During the 1960s and ’70s, a few old synagogues were salvaged from former Jewish neighborhoods, then mostly black, that faced the wrecking ball. Four former synagogues were identified and moved by preservationists. In 1969, in Washington, D.C., the 1876 former Adas Israel (where President Ulysses S. Grant attended the dedication) was moved to its present location a few blocks away and renamed the Lillian and Albert Small Museum. New plans by the Jewish Historical Society of Greater Washington to move this building are afoot as part of a museum expansion. In 1970, the small wood-frame synagogue in San Leandro, Calif., was brought to its congregation’s new home to serve as a chapel. Former synagogues were also moved in Madison, Wisc. (1971), and San Diego (1978) and repurposed as non-religious event venues.

By the 1980s such efforts stopped, as preservationists focused on saving synagogues in situ. The trend started in Baltimore, where the Lloyd Street Synagogue was saved in 1968 by the Jewish Historical Society of Maryland, but a condition of sale and preservation by the last occupant of the building, an Orthodox congregation, was that it be always closed on Shabbat and Jewish holidays and never be used for Jewish worship. The fear, not unlike Leon Toubin’s in Brenham, was that any worship would not be “glatt” enough.

When the former Congregation Beth Israel in Hartford, Conn., built in 1876, was saved in 1972, however, it was the local federation and other synagogues that only grudgingly recognized the project after the promise that the building wouldn’t serve for worship or Jewish life cycle events. This wasn’t due to piety; there was fear of losing members who only paid synagogue dues for b’nai mitzvot, weddings, and funerals to new competing “historically Jewish” locales.

This shift from moving synagogues to restoring them was pretty much complete by 1975, when Gerard Wolfe first opened the door on the massive and massively neglected Eldridge Street Synagogue in New York and launched plans to restore the grand synagogue—leading to the largest and most expensive such effort for any synagogue without a substantial active congregation. It took decades to complete, but along the way the Eldridge preservationists nurtured both the tiny Orthodox congregation and the nascent Jewish preservation movement, recognizing that the preservation of the congregation was on a par with the need to rebuild walls reframe windows.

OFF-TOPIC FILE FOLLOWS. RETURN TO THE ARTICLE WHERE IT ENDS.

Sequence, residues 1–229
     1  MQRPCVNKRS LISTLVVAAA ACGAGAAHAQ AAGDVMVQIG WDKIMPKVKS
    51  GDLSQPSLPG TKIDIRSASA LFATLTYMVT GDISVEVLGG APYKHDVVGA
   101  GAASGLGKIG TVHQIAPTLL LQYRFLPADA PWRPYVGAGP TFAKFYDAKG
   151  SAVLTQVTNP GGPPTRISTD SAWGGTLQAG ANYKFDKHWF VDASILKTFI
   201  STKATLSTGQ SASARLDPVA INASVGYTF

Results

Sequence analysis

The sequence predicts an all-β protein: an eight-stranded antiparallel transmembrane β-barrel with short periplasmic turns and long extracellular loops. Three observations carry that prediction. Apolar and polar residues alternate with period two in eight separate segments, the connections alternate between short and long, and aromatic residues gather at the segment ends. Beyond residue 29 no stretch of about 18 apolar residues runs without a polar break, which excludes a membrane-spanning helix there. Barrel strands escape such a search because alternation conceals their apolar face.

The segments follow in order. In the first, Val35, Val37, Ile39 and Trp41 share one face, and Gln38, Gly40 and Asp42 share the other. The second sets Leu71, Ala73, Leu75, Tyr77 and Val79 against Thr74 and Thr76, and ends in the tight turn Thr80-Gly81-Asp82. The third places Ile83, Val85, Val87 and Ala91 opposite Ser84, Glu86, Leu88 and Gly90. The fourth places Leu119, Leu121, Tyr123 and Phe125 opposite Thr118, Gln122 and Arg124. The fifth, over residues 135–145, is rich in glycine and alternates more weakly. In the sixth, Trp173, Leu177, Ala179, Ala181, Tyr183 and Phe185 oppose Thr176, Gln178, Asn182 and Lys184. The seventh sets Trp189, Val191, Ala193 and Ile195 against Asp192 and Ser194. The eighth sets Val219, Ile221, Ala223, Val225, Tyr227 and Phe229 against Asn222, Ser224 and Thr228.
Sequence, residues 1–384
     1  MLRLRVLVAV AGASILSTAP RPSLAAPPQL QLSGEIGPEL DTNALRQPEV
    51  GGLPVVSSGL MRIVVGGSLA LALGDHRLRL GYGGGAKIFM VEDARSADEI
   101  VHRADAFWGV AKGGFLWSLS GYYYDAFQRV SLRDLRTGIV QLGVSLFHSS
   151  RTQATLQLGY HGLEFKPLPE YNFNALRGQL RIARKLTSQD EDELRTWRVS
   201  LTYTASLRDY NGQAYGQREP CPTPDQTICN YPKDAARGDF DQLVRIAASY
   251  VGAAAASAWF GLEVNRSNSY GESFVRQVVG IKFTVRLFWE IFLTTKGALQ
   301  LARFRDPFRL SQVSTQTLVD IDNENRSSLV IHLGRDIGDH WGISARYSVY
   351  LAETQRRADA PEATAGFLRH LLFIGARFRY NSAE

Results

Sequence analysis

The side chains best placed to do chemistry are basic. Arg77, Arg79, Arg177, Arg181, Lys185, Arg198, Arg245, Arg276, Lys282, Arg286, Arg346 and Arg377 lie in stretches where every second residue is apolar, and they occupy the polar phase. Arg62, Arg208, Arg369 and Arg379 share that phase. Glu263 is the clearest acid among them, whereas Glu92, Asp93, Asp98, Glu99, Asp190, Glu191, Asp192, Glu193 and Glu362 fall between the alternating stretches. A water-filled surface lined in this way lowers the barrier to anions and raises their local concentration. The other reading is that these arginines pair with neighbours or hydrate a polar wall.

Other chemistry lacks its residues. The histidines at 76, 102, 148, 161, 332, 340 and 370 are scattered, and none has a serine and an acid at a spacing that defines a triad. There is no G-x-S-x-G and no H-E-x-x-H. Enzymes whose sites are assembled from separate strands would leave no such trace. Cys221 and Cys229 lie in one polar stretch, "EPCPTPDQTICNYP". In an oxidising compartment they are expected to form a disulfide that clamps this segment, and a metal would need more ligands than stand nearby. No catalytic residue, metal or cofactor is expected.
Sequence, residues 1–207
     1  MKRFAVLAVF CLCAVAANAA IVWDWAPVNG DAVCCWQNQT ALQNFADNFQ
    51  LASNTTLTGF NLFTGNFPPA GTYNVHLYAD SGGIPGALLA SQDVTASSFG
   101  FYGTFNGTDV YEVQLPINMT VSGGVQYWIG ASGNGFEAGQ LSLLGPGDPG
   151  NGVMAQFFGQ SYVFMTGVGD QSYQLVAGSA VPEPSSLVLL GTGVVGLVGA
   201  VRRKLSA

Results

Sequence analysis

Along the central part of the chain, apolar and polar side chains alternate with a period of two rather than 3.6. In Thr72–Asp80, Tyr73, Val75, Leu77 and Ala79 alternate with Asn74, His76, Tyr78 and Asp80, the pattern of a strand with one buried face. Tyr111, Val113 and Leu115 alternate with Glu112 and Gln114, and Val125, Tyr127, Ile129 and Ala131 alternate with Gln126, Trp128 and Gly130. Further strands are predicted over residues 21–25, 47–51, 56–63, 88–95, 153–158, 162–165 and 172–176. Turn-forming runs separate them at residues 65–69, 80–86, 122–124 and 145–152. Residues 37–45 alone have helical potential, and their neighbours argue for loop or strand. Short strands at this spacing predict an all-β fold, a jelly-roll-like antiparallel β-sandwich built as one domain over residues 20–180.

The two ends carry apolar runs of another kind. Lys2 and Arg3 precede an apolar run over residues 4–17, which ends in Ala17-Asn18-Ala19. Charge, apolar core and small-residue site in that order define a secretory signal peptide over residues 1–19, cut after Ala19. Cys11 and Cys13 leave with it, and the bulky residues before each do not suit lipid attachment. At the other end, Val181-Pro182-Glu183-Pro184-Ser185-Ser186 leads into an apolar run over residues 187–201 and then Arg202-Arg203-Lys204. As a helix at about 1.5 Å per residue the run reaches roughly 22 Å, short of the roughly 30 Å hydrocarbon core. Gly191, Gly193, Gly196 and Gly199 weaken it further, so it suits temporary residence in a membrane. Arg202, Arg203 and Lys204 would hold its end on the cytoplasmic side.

Eldridge encouraged other (relatively easier) efforts, so that in the past quarter century scores of synagogues have been saved from demolition, and often active Jewish worship or cultural purpose was worked into the new identity.

Each project is different, and almost every project struggles for purpose, audience, and funding. Among the successful American protection and preservation projects are synagogues in Tucson, Ariz.; Miami, Fla.; Leadville, Colo.; Boston, Mass.; Virginia, Minn.; Natchez and Brookhaven, Miss.; St. Louis, Mo.; Woodbine, N.J.; Corsicana, Texas; Portsmouth, Va.; and Steven’s Point, Wisc. Most saved buildings are now cultural centers of some sort, but a few have returned to Jewish religious use.

Many transformations, especially of smaller synagogues, are predicated on an acceptance that organized Jewish religious life will not be returning to the town, so deals are struck with local historical societies and museums to maintain synagogue buildings and maintain some Jewish identity, while adapting space for new exhibitions or events.

An early and inspiring example of such as transformation is in Stevens Point, Wisc. where Beth Israel, built in 1905, is the third-oldest synagogue building in the state and the oldest with its sanctuary intact. In 1985, when the congregation could no longer supply a minyan, it disbanded and deeded the building to the Portage County Historical Society to serve as a museum of the Jewish history of the region and of other aspects of local history.

Just slightly further west, the empty and only remaining synagogue on Minnesota’s Iron Range, B’nai Abraham, dedicated in 1909, was saved in 2004 when the Friends of B’nai Abraham acquired it for preservation. The volunteer group has raised funds and is restoring the building to serve as a museum and cultural center for Virginia, Minnesota, and surrounding areas, and to preserve the region’s Jewish history.